In 2018 we (United Learning) adopted Rosenshine’s principles of instruction as the basis for our approach to teaching and learning across our schools. It’s the first time that we’ve taken a collective position on teaching and learning, rather than leaving this critical issue to each school. Our focus previously was on supporting each school in having an internally coherent and effective T&L strategy. With the adoption of the Rosenshine principles we were attempting to go a step further by ensuring that each school’s approach was anchored in a shared understanding of the characteristics of effective teaching.
We did this for a few reasons. Firstly, we wanted to support schools in challenging approaches to teaching that are not supported by good evidence, such as teaching which is overly driven by the exam specification, teaching that is founded on the belief that pupils learn better by discovering things for themselves, teaching that takes differentiation too far by placing different groups of pupils on different ‘tracks’ in the same lesson, and teaching that is overly focused on securing evidence of progress in each lesson, rather than gradually building a secure long-term understanding of each subject.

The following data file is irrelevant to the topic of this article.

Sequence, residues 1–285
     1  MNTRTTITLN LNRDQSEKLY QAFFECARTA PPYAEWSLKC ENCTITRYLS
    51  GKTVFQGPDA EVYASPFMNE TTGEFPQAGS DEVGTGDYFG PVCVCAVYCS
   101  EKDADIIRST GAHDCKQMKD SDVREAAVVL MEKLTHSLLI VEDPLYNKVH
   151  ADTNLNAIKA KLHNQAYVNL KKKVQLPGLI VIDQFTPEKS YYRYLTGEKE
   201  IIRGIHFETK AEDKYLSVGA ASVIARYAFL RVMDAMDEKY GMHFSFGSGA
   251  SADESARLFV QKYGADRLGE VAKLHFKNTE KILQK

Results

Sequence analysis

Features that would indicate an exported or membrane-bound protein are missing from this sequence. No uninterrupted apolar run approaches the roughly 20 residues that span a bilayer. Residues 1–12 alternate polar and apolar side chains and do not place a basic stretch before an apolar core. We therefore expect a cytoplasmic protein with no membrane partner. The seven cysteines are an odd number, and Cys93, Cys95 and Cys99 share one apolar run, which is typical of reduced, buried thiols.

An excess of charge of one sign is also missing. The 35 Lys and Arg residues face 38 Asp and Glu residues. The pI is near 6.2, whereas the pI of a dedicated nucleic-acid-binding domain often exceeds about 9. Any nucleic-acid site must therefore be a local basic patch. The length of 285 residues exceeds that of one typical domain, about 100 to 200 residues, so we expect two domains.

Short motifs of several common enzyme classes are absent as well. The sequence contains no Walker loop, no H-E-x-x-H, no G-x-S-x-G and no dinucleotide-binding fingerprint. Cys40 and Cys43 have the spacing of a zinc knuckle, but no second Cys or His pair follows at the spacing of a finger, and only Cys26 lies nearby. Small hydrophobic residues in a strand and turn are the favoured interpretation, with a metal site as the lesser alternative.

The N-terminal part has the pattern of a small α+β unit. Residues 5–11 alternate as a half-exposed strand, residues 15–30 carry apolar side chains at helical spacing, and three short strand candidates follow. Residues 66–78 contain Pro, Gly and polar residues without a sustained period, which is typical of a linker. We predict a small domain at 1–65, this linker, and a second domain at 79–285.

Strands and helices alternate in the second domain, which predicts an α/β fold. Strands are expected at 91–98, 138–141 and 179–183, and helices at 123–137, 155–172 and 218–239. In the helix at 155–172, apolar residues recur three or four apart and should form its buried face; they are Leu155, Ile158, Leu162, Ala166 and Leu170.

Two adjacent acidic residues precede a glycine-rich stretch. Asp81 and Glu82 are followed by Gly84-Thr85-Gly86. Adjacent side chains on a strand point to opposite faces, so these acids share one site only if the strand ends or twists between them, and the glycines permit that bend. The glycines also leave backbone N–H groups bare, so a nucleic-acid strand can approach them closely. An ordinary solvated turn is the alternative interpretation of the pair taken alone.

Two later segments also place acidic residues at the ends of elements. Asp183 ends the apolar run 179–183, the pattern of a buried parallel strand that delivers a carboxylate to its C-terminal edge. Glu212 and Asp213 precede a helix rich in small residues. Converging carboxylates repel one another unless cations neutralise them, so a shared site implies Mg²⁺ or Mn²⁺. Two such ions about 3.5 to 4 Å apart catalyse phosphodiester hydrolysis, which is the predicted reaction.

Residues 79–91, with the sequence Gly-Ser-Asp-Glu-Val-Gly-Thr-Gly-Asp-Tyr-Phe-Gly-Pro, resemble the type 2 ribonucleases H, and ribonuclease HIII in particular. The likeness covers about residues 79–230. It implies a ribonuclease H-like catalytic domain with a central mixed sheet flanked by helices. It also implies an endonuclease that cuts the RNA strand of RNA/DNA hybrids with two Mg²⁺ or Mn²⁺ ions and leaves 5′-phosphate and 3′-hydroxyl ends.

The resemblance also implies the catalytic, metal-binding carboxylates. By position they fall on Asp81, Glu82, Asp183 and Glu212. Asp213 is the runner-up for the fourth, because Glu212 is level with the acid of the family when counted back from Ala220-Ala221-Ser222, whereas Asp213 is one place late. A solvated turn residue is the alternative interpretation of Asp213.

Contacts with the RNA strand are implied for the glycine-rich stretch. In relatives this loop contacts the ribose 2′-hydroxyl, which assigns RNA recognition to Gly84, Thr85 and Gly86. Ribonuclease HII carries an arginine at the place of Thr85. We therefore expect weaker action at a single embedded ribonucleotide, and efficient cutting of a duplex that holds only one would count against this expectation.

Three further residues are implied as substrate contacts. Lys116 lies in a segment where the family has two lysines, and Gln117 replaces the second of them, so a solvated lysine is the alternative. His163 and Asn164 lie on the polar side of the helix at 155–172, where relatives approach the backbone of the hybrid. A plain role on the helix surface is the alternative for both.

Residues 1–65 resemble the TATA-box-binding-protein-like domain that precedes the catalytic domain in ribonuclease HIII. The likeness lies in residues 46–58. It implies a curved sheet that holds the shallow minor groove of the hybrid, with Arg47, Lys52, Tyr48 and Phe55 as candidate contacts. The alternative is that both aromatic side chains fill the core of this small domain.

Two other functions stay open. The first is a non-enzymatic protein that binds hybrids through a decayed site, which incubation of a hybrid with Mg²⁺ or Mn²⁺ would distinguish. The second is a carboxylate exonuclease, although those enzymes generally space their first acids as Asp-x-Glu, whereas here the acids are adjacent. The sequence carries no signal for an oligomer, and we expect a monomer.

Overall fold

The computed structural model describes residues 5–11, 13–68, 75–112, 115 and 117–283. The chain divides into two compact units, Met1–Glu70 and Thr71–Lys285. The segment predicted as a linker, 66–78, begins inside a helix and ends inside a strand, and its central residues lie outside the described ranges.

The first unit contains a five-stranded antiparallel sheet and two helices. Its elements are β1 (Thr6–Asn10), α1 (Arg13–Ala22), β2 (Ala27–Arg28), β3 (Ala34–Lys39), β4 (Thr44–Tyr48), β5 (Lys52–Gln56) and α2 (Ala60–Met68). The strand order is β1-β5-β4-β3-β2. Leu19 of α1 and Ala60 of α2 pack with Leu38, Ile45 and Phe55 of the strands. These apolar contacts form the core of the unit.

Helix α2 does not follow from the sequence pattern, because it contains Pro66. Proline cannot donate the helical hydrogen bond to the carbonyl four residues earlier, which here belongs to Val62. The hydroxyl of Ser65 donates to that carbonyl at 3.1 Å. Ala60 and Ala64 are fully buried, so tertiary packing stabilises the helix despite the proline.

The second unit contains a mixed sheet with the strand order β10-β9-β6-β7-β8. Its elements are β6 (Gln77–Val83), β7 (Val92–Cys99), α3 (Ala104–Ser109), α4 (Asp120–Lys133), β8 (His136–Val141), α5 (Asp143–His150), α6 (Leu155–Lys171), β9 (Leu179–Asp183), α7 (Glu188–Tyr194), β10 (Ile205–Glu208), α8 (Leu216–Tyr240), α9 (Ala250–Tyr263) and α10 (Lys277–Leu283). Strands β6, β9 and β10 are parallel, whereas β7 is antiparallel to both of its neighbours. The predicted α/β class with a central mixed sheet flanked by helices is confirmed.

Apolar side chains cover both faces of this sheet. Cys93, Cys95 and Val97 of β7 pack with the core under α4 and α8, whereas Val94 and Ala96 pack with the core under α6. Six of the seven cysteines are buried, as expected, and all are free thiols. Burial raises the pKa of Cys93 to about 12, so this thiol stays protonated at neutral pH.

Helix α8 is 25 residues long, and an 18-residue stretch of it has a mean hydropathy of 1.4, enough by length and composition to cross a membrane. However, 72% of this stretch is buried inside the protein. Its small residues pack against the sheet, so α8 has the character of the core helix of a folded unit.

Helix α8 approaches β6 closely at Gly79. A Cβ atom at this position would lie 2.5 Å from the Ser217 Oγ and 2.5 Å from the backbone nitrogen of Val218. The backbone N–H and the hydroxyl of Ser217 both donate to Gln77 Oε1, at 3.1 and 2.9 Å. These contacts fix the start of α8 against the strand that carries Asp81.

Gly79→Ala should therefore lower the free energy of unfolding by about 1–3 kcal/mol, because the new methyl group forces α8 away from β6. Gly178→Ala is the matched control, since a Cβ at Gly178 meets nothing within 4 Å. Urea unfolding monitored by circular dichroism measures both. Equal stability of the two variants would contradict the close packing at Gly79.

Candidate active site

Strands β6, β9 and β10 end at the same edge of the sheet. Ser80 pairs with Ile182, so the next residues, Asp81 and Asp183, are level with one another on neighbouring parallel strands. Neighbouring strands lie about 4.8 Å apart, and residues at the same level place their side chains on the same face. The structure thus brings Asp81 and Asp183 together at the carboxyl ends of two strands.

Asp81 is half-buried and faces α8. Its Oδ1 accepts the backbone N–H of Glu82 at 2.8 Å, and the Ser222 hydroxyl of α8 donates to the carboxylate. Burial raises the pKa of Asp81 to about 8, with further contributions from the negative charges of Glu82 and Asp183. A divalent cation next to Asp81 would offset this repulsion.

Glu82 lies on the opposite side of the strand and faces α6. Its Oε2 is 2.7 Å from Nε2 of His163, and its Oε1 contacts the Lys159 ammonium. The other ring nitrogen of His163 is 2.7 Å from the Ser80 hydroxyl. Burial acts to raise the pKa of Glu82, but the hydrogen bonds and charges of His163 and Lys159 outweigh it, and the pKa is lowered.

As a growing Trust, and a Trust that comprises primary and secondary schools in the state and independent sector, as well as an initial teacher training programme, we could see benefits in building a shared understanding of the characteristics of effective teaching. A trainee teacher could leave their summer institute and arrive at their school in September safe in the knowledge that the philosophy towards teaching and learning would be consistent; a deputy head leading on teaching and learning could share resources with counterparts in our other schools; subject advisors could produce curriculum materials confident that they would be applied in the classroom in similar ways. We would move from each school having an internally coherent approach to teaching and learning, towards a coherent approach across the whole group which would serve as a foundation for great teaching in each school and each subject.
Over time we are using the principles to develop a shared and precise language for the way we talk about teaching and learning. In my experience, the language commonly used to describe teaching and learning is anything but precise. Obvious examples would be phrases such as ‘the lesson lacked a bit of oomph’ or ‘pupils weren’t fully engaged’ or, more positively, the lesson featured ‘awe and wonder’. But even terms that seem more clear such as ‘pace’ and ‘challenge’ can lack the precision required to develop teaching practice. Take ‘pace’ – do we mean that the teacher went through things too slowly or that pupils didn’t work quickly enough, or perhaps the teacher wasn’t clear on timings, or maybe the start of the lesson drifted and time was squeezed for the challenging stuff at the end? That leads us to ‘challenge’ – was the content itself too easy, or was it the task, or are we simply saying that not enough pupils produced work at the standard required?